Conflicting information on food labels makes it hard to know what’s heathy

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Q. Our family buys ground turkey rather than ground beef. Still, if you read the label, the fat content of ground turkey is not necessarily conducive to good health. Here is one case in point from our freezer: “lean Ground Turkey,” advertised as “93% Lean, 7% Fat.”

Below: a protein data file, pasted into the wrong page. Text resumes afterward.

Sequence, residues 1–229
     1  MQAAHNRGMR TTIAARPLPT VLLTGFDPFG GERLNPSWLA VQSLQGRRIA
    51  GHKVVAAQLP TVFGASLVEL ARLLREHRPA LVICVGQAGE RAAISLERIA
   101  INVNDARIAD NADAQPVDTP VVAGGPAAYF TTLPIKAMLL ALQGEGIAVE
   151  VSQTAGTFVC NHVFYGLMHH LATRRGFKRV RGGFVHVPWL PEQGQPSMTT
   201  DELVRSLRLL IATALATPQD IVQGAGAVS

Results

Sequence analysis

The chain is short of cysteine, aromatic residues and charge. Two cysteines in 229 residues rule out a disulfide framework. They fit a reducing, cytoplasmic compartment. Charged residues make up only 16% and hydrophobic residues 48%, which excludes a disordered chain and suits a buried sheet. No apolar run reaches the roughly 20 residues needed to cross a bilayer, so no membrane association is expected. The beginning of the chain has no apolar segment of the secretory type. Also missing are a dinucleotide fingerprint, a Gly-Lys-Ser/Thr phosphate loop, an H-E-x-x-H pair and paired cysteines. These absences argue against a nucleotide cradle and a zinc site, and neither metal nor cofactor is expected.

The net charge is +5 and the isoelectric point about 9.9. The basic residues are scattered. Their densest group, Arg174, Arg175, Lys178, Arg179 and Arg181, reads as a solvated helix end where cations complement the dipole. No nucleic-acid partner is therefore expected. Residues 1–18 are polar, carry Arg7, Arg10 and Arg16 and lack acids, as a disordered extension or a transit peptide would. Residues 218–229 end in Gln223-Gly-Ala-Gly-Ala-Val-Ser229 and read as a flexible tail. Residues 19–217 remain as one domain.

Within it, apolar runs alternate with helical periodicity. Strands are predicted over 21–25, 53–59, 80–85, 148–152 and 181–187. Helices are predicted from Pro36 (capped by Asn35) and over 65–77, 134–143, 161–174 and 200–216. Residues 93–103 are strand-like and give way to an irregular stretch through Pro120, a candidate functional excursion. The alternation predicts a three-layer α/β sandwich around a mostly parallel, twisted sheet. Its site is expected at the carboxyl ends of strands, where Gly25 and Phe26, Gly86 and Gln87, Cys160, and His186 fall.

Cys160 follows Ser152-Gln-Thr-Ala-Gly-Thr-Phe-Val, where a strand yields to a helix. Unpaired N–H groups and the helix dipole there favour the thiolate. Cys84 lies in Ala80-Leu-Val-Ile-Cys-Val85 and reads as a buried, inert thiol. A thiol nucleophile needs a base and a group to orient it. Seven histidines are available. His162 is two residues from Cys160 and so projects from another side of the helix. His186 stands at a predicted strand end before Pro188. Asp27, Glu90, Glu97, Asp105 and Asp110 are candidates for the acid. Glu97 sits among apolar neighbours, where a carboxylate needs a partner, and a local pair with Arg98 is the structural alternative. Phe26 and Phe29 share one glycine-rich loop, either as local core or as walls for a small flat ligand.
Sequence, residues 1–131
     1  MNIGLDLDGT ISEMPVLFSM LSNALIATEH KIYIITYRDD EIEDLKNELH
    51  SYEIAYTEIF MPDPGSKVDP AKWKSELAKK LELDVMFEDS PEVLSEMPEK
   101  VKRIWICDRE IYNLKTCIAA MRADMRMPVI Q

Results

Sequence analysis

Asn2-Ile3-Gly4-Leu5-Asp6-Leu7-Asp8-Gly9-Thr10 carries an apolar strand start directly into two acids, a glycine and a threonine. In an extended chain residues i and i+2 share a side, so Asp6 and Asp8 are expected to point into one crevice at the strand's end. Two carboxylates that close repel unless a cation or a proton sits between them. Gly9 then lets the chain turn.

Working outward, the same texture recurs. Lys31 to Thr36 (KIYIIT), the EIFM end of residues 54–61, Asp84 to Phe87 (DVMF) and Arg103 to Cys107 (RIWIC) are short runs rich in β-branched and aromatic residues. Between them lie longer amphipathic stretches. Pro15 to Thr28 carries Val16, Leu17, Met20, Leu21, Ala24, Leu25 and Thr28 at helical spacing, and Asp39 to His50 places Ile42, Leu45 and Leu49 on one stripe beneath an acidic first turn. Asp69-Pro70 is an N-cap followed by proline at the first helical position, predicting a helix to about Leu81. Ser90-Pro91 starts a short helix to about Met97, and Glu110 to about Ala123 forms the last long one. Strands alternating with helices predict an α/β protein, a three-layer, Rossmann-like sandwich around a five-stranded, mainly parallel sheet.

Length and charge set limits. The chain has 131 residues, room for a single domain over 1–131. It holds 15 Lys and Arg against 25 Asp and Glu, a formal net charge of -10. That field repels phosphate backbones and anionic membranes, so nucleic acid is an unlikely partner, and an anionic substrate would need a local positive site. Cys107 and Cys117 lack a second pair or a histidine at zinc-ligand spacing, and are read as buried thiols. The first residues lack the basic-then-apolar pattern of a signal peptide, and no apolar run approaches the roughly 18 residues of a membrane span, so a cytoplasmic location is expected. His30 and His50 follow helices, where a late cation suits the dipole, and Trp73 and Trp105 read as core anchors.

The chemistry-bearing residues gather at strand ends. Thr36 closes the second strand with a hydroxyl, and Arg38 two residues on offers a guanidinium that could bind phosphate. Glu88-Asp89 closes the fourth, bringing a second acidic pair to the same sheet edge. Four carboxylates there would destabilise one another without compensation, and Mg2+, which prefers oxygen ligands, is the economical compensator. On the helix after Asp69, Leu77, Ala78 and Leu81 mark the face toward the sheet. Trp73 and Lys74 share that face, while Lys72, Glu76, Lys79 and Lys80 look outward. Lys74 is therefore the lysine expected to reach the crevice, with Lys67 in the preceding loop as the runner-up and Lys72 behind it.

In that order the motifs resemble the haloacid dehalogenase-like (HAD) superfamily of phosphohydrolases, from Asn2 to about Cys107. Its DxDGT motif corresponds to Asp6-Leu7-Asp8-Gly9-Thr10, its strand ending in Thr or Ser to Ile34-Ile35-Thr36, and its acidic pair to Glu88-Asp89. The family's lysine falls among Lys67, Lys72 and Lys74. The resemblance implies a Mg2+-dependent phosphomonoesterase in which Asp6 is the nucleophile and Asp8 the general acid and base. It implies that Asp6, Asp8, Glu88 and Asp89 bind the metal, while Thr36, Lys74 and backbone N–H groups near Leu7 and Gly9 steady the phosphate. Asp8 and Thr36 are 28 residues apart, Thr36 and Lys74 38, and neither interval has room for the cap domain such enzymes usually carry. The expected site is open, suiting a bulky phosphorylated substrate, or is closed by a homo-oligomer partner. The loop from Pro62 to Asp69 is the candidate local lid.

Turn the package over and read the label and you get a different story. The nutrition facts say that in a 4-ounce serving, there are 160 calories, of which 70 calories are from fat. My math says that this ground turkey is 43.75 percent fat, not 7 percent. I asked one of the companies and they said that’s just the way it is.

Am I missing some important knowledge about food content?

Ben Myers, Harvard

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